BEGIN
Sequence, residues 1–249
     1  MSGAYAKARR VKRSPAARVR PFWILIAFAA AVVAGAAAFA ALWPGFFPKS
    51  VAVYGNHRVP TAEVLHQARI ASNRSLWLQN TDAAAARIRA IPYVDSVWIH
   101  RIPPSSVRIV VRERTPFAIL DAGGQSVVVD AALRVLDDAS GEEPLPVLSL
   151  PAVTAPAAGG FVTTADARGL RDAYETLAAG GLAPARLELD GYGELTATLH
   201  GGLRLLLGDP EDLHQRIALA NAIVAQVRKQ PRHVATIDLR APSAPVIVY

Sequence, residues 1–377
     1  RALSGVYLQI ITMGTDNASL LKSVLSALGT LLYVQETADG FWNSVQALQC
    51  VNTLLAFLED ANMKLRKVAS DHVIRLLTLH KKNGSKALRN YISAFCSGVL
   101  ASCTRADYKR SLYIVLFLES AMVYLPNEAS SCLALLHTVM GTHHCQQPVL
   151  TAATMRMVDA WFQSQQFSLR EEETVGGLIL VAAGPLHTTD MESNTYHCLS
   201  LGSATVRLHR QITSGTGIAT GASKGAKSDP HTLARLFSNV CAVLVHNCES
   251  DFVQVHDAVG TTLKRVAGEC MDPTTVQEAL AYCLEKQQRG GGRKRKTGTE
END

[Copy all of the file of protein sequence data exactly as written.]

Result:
Sequence, residues 1–249
     1  MSGAYAKARR VKRSPAARVR PFWILIAFAA AVVAGAAAFA ALWPGFFPKS
    51  VAVYGNHRVP TAEVLHQARI ASNRSLWLQN TDAAAARIRA IPYVDSVWIH
   101  RIPPSSVRIV VRERTPFAIL DAGGQSVVVD AALRVLDDAS GEEPLPVLSL
   151  PAVTAPAAGG FVTTADARGL RDAYETLAAG GLAPARLELD GYGELTATLH
   201  GGLRLLLGDP EDLHQRIALA NAIVAQVRKQ PRHVATIDLR APSAPVIVY

Sequence, residues 1–377
     1  RALSGVYLQI ITMGTDNASL LKSVLSALGT LLYVQETADG FWNSVQALQC
    51  VNTLLAFLED ANMKLRKVAS DHVIRLLTLH KKNGSKALRN YISAFCSGVL
   101  ASCTRADYKR SLYIVLFLES AMVYLPNEAS SCLALLHTVM GTHHCQQPVL
   151  TAATMRMVDA WFQSQQFSLR EEETVGGLIL VAAGPLHTTD MESNTYHCLS
   201  LGSATVRLHR QITSGTGIAT GASKGAKSDP HTLARLFSNV CAVLVHNCES
   251  DFVQVHDAVG TTLKRVAGEC MDPTTVQEAL AYCLEKQQRG GGRKRKTGTE